sue, intracellular binding and therefore detoxification of
anticancer drugs, as well as through the scavenging of oxy-
gen free radicals. Although vigorous hydration schedules
have helped to alleviate nephrotoxicity, ototoxicity and
cumulative dose-related peripheral ne uropathy, these side
effects remain important dose-limiting toxicities related to
cisplatin therapy. The preclinical and clinical results to date
demonstrate that amifost ine can protect against cispl atin
toxicities, in particular nephrotoxicity. Recent studies have
demonstrated that higher single and cumulative cisplatin
doses have an important impact on survival outcome; how-
ever, the improvement in survival comes at the cost of
increased acute and cumulative haematological, renal and
neurological toxicities that can result in serious morbidity.
The role of amifostine as a supportive measure to reduce
these toxicities offers the possibility of improving the qual-
ity of life of patients receiving chemotherapy (Schuchter,
Erythropoietin (EPO) has recently been shown to exert
important cytoprotective and antiapoptotic effects in
experimental cisplatin-induced nephrotoxicity and ischae-
mic acute renal injury (Yalcin et al., 2003; Vesey et al.,
2004). The results suggest that, in addition to its well-
known erythropoietic effects, EPO inhibits apoptotic cell
death, enhances tubular epithelial regeneration and pro-
motes renal functional recovery in hypoxic or ischaemic
acute renal injury. EPO was claimed to be as effective as
amifostine (Yalcin et al., 2003).
Recently, a new chemoprotector, disodium-2,2
bis-ethane sulfonate (BN7787), against cisplatin nephro-
toxicity in humans ha s been investigated in 21 patients with
advanced solid tumors. The selective protective action of
this agent is suggested to arise from the preferential uptake
of the dru g in the kidneys, where BN7787 is intracellularly
converted into mesna (2-mercapto ethane sulfonate), which
in turn, can prevent cisplatin-induced toxicities. It has been
shown that this is selective in the kidneys, but not other tis-
sues (Verschraagen et al., 2004). More recently, the kinetic
profile of BN7787 and the recommended dosage of the
drugs have been determined (Boven et al., 2005). A dose
of up to 41 mg/m
of the drug was safely tolerated, and a
dose of 18.4 mg/m
was recommended for therapy. The
protective agent enabled safe reduction of the saline dehy-
dration schedule for cisplatin to 1 l.
2.7. Other protective agents
Recent evidence suggests that apoptosis and inflamma-
tory mechanisms play an important role in the pathogene-
sis of cisplatin nephrotoxicity (Jo e t al., 2005; Ramesh and
Reeves, 2005). Li et al. (2002) reported that treatment of
rats with the anti-inflammatory agent salicylate (100 mg/
kg (bid), i.v. 5 days) reduced cisplatin nephrotoxicity (and
ototoxicity) without adversely affecting its chemotherapeu-
tic effectiveness in suppressing tumour mass and cancer cell
metastasis. A possible mechanism for this action was pro-
vided by Ramesh and Reeves (2004), who indicated that,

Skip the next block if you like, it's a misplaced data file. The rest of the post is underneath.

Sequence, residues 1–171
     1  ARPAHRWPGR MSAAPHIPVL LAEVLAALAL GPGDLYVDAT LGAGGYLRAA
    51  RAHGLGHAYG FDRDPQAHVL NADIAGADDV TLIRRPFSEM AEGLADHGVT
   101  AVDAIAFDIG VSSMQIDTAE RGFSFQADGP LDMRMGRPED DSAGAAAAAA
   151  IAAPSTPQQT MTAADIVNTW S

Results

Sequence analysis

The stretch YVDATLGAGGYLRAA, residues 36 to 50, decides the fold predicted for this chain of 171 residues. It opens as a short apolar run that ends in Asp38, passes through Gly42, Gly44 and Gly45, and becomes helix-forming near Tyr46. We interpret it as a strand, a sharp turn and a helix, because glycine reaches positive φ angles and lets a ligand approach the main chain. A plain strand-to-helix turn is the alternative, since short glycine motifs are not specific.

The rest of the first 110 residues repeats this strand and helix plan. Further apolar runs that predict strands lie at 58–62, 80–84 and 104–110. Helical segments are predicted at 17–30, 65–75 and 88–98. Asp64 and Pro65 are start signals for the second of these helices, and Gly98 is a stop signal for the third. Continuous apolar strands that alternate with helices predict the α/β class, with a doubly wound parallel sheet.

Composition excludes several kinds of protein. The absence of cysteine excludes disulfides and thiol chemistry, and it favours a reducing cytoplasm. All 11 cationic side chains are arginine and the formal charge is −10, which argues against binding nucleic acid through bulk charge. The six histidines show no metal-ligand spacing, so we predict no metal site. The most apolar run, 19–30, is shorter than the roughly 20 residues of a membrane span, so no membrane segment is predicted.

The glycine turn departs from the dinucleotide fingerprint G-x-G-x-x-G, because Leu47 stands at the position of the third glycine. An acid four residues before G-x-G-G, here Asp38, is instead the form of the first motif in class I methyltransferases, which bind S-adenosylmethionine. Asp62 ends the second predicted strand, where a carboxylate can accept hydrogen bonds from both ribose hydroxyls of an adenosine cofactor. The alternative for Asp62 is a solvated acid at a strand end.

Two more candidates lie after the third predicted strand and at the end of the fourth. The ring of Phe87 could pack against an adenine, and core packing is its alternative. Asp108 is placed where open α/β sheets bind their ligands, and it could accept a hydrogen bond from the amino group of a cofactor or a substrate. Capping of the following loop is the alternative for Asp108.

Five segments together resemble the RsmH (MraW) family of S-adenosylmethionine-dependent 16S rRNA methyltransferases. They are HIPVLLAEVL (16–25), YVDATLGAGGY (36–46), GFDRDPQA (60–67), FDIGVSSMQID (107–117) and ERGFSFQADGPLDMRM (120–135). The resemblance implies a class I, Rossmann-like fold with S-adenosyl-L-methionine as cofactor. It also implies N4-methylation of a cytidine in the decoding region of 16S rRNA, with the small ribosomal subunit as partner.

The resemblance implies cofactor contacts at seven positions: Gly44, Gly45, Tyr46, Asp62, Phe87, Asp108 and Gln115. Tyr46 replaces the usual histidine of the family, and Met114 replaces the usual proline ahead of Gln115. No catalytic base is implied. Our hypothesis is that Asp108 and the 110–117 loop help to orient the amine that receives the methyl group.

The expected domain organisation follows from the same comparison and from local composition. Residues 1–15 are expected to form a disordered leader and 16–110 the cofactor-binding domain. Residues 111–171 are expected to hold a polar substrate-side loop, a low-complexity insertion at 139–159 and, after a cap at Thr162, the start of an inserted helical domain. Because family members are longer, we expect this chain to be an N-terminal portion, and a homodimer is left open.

in mice, salicylate acted via inhibition of TNFa (an impor-
tant cytokine involved in systemic inflammation and the
acute phase response), and that this inhibition may act to
stabilize a cell survival factor. Ramesh and Reeves (2004)
suggested that salicylate co-administration with cisplatin
may even enhance its oncolytic effect. More recently the
same authors suggested that hydroxyl radicals, either
directly or indirectly, activate p38 mitogen-activated
protein kinase, MAPK (which is a cytokine supp ressive
anti-inflammatory drug binding protein that regulates
many cellular processes including inflammation, cell differ-
entiation, cell growth and death) and that p38 MAPK
plays an important role in mediating cisplatin-induced
acute renal injury and inflammation, perhaps through pro-
duction of TNF-a (Ramesh and Reeves, 2005).
It has been shown that the nephrotoxicity of cisplatin in
mice is attenuated when it is given together with oral bis-
muth subnitrate (BSN), which is thought to induce metallo-
thionein, a cysteine-rich protein that protects against heavy
metal toxicity. As BSN is absorbed slowly from the gut, its
efficacy in inducing renal metallothionein is low. Kondo
et al. (2004) attempted to overcome this by dissolving
BSN in citrate buffer rather than in normal saline. This
resulted in significan tly improving bismuth distribut ion,
renal metallothionein induction and attenuating cisplatin
nephrotoxicity without affecti ng its antitumour activity.
Kohda et al. (2005) reported that administration of
serum thymic factor (FTS) had a beneficial effect against
cisplatin nephrotoxicity in rats in vivo, and also against
cultured porcine epithelial cells in vitro. The exact mecha-
nism by which FTS protects against cisplatin nephrotoxi-
city (or other types of tissue injury) is still unknown,
although several hypotheses have been suggested. It has
been shown that FST doe s not block the uptake of plati-
num into the kidney, nor does it reduce the concentration
of platinum retained by the kidney. The protection was
suggested to involve activation of extracellu lar signal-
regulated protein kinase (ERK). This activation may be
responsible for renal regeneration. Previously, it has been
shown that inhibition of ERK activity enhances sensitivity
to cisplatin cytotoxicity in an ovarian cell line (Wei et al.,
3. Agen ts that augment the nephrotoxicity of platinum
The agents discussed below are summarised in Table 2.
3.1. Inhibitors of renal excretion
Cisplatin accumulates in the cells by carrier-mediated